The scripture writer says, both groups are wrong.  Freedom is not to be used for self-indulgence, but the commandments are not the most effective restraining power.  Instead of the law, this new personal force, the spirit of Jesus, the Holy spirit, living in every corner and cupboard and closet of a person's heart will provide the power to live like Jesus.  The old legal code could inform, but a believer cooperating with the Holy Spirit can be transformed.  It is good to be informed!  Better to be transformed!

And the transformation looks like the vision in verses 22 and 23.  And the sequence of the list is important. The very first mark of Jesus' transplanted character is love.

When the New testament speaks of love, the vast majority of the time it is referring to a special kind of love. It is a type our world isn't very familiar with.  This is why when Jesus commands His followers to "love your enemies" the unbeliever is not only turned off with the idea, he also is puzzled as to how it could happen.  To the world, love is one of a few kinds of feelings.  One kind is the romantic feeling.  Most people don't chose who they're going to have romantic feelings toward (until after they're married).  In fact, they say they fall into these feelings like they were walking down the side walk and a grate just opened up and caught them off guard.

Another kind of feeling is the kind you have toward a close friend.  After getting aquainted and developing
bonds and going through a few rough times together, a friendship develops.  It is a kind of love.  Another kind of feeling is what a mother feels for her child or the child for its mother.  Family love is different than romantic and friendship love, but it is still called love.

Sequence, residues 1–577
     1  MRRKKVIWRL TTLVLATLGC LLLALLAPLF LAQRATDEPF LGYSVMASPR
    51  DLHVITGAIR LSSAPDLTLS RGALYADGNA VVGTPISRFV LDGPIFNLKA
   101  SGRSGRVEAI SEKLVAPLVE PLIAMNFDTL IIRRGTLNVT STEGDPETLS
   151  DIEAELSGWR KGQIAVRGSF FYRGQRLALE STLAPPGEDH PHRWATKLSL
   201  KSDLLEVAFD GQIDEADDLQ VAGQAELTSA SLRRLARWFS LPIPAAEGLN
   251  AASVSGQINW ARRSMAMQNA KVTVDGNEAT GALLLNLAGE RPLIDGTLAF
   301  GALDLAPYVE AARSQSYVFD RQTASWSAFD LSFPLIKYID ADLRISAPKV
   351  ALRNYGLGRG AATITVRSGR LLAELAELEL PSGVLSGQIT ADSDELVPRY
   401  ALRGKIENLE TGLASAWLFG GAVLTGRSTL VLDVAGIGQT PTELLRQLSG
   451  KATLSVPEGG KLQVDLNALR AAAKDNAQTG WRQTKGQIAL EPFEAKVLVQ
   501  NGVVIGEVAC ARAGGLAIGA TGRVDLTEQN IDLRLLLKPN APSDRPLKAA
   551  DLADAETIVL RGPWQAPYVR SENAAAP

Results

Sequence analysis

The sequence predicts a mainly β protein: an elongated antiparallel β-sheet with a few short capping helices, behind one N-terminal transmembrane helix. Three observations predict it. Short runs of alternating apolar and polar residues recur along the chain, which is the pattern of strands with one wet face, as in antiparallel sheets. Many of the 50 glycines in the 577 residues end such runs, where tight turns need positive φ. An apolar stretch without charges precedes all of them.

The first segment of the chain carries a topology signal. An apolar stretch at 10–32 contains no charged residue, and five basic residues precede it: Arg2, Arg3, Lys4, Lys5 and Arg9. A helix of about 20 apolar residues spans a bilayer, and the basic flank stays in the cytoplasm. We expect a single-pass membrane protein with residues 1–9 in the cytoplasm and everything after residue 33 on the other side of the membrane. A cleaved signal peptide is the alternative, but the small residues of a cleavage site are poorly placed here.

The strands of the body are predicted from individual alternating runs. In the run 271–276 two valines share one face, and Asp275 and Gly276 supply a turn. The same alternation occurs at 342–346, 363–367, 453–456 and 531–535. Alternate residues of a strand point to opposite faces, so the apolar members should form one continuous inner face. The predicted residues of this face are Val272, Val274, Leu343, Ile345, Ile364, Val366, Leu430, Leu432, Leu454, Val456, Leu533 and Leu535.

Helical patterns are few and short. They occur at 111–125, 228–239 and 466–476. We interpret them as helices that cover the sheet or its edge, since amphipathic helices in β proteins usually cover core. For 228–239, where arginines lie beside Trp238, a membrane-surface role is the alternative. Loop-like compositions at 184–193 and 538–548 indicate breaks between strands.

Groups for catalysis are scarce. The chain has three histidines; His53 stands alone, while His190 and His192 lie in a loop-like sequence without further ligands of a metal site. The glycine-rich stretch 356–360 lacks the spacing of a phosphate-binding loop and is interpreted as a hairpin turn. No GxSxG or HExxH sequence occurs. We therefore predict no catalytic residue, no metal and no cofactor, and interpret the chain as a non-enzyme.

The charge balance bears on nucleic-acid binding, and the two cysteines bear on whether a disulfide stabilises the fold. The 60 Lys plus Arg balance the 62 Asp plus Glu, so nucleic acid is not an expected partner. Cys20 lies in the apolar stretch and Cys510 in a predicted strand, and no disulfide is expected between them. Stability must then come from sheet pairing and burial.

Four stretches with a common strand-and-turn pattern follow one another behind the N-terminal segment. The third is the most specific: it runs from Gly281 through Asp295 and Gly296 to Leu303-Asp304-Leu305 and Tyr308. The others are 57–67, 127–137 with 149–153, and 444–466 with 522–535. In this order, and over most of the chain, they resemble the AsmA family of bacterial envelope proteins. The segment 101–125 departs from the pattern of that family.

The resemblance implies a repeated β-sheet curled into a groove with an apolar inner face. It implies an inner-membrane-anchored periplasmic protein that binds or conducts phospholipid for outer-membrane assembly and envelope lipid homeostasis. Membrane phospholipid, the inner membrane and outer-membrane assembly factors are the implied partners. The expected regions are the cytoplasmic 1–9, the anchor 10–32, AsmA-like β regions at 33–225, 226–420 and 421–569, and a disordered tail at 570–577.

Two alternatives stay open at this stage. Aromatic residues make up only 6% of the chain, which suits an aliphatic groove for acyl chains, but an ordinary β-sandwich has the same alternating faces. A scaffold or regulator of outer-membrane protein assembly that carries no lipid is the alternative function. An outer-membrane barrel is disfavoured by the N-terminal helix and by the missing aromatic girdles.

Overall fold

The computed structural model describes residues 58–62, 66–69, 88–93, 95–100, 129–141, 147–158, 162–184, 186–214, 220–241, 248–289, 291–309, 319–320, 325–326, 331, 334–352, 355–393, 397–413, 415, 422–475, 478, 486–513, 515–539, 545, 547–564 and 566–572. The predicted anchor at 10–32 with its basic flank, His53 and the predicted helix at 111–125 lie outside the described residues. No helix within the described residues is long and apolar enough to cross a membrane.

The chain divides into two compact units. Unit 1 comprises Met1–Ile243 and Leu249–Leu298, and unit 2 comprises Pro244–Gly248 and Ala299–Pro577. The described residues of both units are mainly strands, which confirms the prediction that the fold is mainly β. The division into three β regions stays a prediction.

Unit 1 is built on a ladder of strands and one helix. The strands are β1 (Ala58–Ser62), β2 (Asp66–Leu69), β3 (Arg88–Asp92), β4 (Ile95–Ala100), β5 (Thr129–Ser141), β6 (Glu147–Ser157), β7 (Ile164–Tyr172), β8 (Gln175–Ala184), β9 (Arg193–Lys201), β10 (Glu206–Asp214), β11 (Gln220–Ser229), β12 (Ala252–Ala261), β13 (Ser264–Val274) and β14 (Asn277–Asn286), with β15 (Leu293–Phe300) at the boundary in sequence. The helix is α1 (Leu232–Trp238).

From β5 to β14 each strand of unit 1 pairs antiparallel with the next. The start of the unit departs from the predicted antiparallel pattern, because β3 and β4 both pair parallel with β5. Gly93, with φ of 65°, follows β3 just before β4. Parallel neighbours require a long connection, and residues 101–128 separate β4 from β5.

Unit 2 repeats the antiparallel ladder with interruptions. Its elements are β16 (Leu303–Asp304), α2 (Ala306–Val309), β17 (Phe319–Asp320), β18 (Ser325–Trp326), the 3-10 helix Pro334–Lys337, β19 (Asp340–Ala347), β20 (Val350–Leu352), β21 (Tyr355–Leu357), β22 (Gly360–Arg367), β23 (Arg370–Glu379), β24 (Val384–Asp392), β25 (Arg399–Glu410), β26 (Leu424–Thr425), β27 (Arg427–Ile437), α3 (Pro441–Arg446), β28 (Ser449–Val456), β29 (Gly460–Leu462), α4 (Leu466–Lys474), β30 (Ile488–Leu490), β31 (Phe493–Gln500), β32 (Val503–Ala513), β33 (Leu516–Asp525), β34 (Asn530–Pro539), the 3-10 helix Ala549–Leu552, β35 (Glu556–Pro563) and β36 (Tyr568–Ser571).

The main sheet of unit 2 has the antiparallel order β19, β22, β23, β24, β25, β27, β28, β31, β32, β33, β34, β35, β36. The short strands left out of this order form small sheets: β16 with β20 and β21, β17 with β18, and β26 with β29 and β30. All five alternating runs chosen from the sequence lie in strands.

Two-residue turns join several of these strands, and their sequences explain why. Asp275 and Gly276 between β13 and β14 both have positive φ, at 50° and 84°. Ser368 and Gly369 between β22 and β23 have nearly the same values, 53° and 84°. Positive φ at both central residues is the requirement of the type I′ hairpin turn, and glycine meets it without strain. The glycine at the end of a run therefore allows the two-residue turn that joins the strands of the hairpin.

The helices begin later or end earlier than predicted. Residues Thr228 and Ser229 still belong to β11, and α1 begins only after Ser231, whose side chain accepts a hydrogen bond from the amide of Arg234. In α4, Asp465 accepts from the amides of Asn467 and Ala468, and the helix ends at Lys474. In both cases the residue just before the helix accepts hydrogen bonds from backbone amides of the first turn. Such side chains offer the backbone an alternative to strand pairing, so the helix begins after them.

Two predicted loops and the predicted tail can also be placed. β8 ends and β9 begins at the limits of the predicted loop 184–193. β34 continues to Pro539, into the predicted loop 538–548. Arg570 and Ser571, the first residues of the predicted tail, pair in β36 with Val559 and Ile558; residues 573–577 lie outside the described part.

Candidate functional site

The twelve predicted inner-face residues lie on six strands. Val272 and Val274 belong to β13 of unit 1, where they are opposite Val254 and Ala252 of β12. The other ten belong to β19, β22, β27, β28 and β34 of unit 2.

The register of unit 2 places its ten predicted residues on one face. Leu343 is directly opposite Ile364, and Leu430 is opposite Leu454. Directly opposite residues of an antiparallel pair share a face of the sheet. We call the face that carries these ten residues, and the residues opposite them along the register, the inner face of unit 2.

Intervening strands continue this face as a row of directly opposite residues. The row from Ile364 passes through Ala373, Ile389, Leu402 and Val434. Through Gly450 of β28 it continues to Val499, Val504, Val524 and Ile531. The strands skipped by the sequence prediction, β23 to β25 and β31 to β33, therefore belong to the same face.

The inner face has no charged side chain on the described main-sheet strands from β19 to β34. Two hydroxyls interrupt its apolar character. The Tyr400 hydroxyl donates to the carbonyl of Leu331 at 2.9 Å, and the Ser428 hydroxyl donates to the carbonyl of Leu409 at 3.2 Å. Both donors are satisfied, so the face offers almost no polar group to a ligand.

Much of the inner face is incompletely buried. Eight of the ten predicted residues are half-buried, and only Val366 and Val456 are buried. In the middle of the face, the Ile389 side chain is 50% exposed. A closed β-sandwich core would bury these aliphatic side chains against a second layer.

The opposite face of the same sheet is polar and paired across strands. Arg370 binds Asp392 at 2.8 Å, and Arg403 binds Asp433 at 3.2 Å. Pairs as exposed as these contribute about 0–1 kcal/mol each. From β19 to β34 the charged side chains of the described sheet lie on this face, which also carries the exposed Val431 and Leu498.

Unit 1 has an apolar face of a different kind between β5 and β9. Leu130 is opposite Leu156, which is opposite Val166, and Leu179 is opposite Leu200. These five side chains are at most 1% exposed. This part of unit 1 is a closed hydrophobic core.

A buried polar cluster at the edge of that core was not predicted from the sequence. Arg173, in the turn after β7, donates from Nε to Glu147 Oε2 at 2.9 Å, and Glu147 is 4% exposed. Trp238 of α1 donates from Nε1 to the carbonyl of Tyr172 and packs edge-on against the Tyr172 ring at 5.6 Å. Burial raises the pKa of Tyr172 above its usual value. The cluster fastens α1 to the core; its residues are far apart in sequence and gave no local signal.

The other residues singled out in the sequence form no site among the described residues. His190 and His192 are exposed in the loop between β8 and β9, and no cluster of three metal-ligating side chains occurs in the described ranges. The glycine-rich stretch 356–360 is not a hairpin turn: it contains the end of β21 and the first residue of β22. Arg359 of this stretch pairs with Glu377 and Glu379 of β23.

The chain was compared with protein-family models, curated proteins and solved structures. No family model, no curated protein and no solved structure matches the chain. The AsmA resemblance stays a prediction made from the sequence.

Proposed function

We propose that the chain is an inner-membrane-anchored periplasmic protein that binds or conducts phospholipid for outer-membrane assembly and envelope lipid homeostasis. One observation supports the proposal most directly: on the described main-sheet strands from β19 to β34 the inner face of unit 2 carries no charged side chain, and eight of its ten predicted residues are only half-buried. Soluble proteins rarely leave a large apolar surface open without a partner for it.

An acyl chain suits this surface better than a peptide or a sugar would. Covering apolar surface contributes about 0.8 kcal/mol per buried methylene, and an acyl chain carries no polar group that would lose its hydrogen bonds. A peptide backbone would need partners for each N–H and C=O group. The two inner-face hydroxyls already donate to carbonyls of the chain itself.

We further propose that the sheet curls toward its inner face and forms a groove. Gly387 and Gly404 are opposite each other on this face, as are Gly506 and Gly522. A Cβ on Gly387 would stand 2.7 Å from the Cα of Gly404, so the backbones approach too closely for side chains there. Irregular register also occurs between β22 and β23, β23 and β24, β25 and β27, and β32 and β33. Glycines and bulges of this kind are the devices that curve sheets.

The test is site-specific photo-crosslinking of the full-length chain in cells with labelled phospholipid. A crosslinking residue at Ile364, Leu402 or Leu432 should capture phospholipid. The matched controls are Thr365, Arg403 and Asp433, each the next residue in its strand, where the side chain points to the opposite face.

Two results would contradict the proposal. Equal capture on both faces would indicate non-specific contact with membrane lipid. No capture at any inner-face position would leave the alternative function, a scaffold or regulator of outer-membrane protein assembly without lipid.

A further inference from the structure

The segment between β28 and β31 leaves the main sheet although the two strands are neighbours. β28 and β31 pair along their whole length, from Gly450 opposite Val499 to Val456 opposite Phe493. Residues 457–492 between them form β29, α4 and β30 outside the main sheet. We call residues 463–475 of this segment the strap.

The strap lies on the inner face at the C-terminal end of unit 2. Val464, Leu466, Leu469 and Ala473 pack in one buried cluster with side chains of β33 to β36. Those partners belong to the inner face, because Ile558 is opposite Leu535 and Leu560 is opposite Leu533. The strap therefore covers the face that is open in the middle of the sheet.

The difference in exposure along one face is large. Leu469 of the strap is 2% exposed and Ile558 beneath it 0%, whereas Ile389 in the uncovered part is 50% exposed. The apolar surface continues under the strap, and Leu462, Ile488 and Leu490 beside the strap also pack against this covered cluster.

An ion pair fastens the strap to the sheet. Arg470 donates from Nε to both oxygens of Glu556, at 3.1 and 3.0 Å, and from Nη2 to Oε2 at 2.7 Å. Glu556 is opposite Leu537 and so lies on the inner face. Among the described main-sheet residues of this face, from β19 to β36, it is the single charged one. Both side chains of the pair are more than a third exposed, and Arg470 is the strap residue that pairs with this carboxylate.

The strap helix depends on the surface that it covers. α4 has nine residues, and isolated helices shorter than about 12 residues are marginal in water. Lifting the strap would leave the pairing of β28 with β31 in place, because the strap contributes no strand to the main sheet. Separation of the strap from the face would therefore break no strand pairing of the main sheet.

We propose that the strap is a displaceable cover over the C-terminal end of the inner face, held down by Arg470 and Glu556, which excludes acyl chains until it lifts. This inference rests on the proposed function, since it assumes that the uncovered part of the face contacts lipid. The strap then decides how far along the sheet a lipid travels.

New Testament love is different altogether.  It is not primarily defined by a feeling, although the feeling of affection can be a part of it, and normally will be, given time.  The New Testament says, "God is Love." Think of the prodigal's father for a second: why did he love the wayward son?  Because the son had made his father proud?  Because the son offered such a fine speech of repentance?  Because the son had gotten his religious act together? He did not deserve his father's love; he hadn't done anything to earn it.  It was an affection in the heart of the father going out to the son regardless.

This is the kind of love we have all experienced from God through Jesus.  It is this kind of love - starting as a decision, growing into actions, and perhaps later blooming into affection- that a person with Jesus' transplanted character will display.  When Jesus gets inside us, this kind of thing will start coming out of us!

C.S. Lewis said, "good things as well as bad are caught by a kind of infection" (in other words, they're transferred by close contact).  If you want to get warm, you must stand by the fire.  If you want to get wet you must get into the water.  If you want real love or joy or peace...or eternal life, you must get into close contact with the one who has them.

God made us, like an engineer invents an engine.  An engine is made to run on gasoline.  It won't run on water.  God designed the human machine to run on Himself.  His Spirit is the fuel that we are supposed to live on.  God cannot give you love or joy or peace- apart from Himself.  They don't really exist outside of His Spirit.

Once a person is united with the Son of God and filled with the Holy Spirit, how could he not have love and joy and peace and eternal life?  It is like saying that "Jack has jumped into the ocean but he'll dry off before he gets out." As long as a person is in the ocean, they'll be wet!  When a person is in Jesus, and Jesus is in them they'll be filled with love and joy and peace and other good fruit.  It starts with being in Christ.  It is fulfilled when Christ is totally in you.

No comments:

Post a Comment